In September 1971, the former Osborn Clubhouse at the corner of Prospect Avenue and Olden Street reopened with a new name and mission. The THIRD WORLD CENTER, PAW reported, aimed “to provide a focus for many different kinds of activities, including seminars, lectures, exhibitions, and social events.” That description, while accurate, underestimated what the center would become: a central gathering space for the University’s African American community, which at the time included about 300 undergraduates, as well as Latino, Native American, and Asian American students. 

The Carl A. Fields Center for Equality and Cultural Understanding — the Third World Center’s name since 2002 — plans to celebrate 50 years of community this academic year with a range of activities, including a February gathering that would coincide with Alumni Day, according to Tennille Haynes, an assistant dean in the Office of Diversity and Inclusion and director of the Fields Center. The Women*s Center, also founded in 1971 and now part of the University’s soon-to-be-named center for gender and sexuality, will celebrate its anniversary in the spring semester as well, Haynes said. (The Women*s Center adopted the asterisk to note that it “welcomes and engages persons of all genders.”)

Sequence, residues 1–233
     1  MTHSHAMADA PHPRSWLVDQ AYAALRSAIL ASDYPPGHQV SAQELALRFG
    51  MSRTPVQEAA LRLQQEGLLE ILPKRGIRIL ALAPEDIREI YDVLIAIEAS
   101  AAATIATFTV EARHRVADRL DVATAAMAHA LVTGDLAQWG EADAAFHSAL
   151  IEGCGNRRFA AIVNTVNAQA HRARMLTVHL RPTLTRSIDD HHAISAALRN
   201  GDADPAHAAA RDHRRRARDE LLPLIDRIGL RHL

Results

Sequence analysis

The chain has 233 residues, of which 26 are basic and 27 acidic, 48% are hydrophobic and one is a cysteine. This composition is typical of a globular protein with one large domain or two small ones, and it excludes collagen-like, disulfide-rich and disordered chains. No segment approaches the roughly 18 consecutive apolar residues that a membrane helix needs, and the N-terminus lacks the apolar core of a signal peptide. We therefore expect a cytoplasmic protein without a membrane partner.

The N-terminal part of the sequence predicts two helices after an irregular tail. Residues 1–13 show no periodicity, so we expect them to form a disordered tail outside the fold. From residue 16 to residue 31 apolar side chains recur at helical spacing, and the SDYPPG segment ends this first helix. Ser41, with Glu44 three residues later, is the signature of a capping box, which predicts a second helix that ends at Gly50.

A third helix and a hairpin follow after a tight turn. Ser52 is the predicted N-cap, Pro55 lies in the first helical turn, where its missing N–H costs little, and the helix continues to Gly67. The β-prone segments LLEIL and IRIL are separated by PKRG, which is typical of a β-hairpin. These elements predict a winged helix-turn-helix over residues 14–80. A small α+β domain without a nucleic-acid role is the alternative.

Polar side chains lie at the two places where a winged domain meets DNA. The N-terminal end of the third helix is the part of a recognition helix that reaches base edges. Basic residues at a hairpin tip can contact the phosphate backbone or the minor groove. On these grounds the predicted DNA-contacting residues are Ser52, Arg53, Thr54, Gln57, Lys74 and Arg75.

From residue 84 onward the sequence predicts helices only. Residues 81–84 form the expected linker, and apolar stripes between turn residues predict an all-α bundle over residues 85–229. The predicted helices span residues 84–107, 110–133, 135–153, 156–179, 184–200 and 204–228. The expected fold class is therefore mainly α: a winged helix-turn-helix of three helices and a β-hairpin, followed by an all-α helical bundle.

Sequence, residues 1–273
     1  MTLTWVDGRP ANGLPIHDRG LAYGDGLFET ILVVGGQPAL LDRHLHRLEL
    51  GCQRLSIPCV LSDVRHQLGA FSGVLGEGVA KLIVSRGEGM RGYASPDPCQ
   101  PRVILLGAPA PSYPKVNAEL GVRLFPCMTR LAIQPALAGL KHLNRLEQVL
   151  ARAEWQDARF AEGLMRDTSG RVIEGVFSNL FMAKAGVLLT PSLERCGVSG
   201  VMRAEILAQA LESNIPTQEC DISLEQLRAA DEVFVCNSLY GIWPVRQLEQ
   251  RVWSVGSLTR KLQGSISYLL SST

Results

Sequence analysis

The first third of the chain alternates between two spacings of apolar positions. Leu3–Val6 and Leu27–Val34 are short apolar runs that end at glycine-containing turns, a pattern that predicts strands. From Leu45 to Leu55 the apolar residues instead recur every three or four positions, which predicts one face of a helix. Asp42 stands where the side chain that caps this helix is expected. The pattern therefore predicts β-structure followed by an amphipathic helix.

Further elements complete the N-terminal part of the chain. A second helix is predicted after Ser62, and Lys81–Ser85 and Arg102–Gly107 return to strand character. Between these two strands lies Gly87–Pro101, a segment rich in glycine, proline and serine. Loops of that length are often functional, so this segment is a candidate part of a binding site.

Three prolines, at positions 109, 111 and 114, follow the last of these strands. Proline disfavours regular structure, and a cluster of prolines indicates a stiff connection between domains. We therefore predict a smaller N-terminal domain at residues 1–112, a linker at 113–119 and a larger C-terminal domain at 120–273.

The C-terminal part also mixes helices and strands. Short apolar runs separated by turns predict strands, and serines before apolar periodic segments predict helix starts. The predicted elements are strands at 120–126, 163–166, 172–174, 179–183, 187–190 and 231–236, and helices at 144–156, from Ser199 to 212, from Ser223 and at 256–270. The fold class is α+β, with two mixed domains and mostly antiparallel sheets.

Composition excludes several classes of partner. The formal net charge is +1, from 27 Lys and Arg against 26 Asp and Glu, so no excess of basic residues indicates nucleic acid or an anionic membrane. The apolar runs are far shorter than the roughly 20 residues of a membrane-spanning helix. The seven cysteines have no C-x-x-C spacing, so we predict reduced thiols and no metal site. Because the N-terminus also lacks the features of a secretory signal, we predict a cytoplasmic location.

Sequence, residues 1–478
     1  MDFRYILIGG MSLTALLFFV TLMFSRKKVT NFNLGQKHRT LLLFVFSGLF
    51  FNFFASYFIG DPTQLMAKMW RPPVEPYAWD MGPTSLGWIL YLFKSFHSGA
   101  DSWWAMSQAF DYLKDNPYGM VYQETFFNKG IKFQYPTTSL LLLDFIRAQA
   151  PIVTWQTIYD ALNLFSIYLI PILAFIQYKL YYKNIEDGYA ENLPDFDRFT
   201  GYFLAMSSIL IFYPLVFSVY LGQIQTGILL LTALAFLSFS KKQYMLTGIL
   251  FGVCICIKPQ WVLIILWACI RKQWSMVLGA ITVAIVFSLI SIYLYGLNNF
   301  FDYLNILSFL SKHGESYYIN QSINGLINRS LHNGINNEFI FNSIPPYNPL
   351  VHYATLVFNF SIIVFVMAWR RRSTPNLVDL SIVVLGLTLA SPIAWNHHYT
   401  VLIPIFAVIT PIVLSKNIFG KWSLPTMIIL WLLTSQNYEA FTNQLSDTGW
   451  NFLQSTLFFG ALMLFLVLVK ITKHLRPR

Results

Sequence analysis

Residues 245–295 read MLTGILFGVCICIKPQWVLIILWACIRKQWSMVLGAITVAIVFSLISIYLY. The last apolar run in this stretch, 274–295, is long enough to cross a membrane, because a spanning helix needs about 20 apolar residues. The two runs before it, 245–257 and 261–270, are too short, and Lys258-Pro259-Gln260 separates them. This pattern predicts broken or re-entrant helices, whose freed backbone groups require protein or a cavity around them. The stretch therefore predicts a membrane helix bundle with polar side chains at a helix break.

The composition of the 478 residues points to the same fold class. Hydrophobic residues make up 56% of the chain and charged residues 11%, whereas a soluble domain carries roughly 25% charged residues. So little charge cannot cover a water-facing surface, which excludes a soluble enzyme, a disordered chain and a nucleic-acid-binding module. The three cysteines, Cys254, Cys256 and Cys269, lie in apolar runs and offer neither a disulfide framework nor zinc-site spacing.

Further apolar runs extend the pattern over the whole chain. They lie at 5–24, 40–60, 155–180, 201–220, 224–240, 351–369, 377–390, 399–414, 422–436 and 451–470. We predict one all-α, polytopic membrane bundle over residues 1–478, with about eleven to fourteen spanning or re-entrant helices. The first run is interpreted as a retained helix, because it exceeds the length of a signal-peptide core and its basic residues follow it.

Haynes said the University also would like to highlight the people who were a part of the activism to create the Third World Center and the Women’s Center. Alumni can contact Grace Davis at